K-State spring football

Kansas State defensive back Lance Robinson works on a pass-catching drill during a spring practice in March. Robinson said he used the four games he played in last season to help him improve this spring.

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When Lance Robinson arrived in Manhattan, he went from being the man in high school to just a kid at the bottom of a Division I depth chart.

The feeling gave him purpose.

“At the end of the day, just want to help my family and want to prove people wrong,” the redshirt freshman said on the field at Bill Snyder Family Stadium following the team’s Spring Showcase on Saturday. “Just setting up, down the line, generational wealth. One of the ways I can do that is by making it to the NFL. If I feel like it’s a purpose beyond me, I feel like I can make it happen.”

Consider last season his initiation. He played in four games but retained his redshirt because he didn’t appear in any more. He started against Kansas and Texas Tech.

The play that sticks out came against the Jayhawks at home. Kansas used three wide receivers. Robinson, the nickel corner, lined up.

Burned on a post route ... with no safety help.

“I wasn’t used to that coming from high school,” Robinson said. “I was only 18 years old.”

But overall, Robinson said he gained confidence last season. He humbled himself. He no longer was the big man on campus, so he had to do what he could to focus on improving each day.

He had to learn to make a mark elsewhere. This spring, he’s trying to do so.

For half of spring practice, Robinson worked at both corner and nickel. He found it difficult to keep going back and forth, so the coaches made him a corner.

He said his man coverage technique has improved. He added that he’s loved working with new defensive backs coach Van Malone, who is part of a revamped coaching staff.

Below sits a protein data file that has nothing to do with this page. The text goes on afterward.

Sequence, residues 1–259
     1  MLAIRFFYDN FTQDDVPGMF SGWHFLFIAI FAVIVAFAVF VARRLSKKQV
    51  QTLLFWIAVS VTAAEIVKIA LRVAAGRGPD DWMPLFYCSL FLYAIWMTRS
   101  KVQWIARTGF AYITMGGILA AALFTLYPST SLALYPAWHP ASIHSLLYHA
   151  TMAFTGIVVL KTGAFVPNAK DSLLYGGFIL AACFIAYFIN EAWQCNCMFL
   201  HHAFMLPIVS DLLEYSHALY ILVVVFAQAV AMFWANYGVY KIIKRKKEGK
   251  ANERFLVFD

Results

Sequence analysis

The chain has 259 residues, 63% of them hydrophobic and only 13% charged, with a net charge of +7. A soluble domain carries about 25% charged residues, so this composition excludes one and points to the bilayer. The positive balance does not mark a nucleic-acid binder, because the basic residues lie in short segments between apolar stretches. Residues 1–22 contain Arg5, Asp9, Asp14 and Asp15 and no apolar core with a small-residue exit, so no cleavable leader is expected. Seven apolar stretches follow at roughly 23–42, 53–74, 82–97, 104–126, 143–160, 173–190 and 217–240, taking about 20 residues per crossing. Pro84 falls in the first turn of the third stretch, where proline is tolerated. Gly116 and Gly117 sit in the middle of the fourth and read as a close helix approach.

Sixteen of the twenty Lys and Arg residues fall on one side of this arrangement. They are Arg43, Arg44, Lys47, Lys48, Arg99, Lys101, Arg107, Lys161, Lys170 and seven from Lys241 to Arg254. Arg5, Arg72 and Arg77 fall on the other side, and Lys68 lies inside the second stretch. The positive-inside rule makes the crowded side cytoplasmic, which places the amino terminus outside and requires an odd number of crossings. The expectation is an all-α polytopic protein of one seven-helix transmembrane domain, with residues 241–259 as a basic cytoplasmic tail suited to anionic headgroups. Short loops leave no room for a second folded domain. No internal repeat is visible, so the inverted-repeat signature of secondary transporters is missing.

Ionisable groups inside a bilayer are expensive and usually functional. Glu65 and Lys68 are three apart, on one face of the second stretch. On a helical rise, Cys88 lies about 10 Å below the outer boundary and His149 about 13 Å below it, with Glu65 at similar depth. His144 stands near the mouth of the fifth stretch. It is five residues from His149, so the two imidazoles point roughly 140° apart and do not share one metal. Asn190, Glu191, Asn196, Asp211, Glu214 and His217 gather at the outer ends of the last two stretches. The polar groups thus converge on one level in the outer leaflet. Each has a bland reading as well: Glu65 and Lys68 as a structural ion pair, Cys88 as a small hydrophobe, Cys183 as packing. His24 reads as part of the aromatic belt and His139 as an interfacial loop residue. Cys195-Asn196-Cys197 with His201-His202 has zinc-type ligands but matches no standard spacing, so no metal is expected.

Robinson also said he’s now 192 pounds, up seven from last season. He said he feels everything is going well.

“He’s always been a very natural athlete and a really high competitor, but I think for him, he’s definitely gained with confidence knowing that he can be really great a young level,” defensive back Denzel Goolsby said. “He’s got a lot of eligibility left. You see a lot of guys come in and maybe they’re a little bit more patient with their approach to when they’re going to be a starter, but he wants it right now. He wants to be great right now and you can see that with how he works and how he’s curious to always learn.”

Robinson said he’ll play wherever the coaches want — corner, safety, nickel or, yes, nose tackle. Head coach Chris Klieman shouldn’t need him on the defensive line, but Robinson could be a big part of a secondary that lost three starters from a year ago.

Robinson said the new defense is different. For one, the Wildcats press more.

“We could be pressing for five plays in a row,” said Robinson, who added that it is a good development because teams would dink and dunk K-State last season.

He had 34 offers coming out of high school, but didn’t choose an SEC school because he felt he was a bit too small. Nowadays, he said he feels like he can compete with anyone.

Spring ball, he said, was a clean slate.

Fall will be a new one.

Robinson seems primed for playing time, but it’s up in the air; K-State has not yet released a depth chart, and won’t do so until the fall.

“Nothing’s written in stone,” Robinson said.

He has a lasting mark from a transformational freshman season. It sits on his left wrist.

In fall camp last year, Robinson injured his wrist. He kept playing, but continued to irritate it throughout the season.

Turns out, he had two torn ligaments.

He underwent surgery after the season and wore a cast for about seven weeks. Now, a scar that spans a couple inches is all that’s left.

“That’s a hefty scar,” Robinson said.

This article originally ran on themercury.com.

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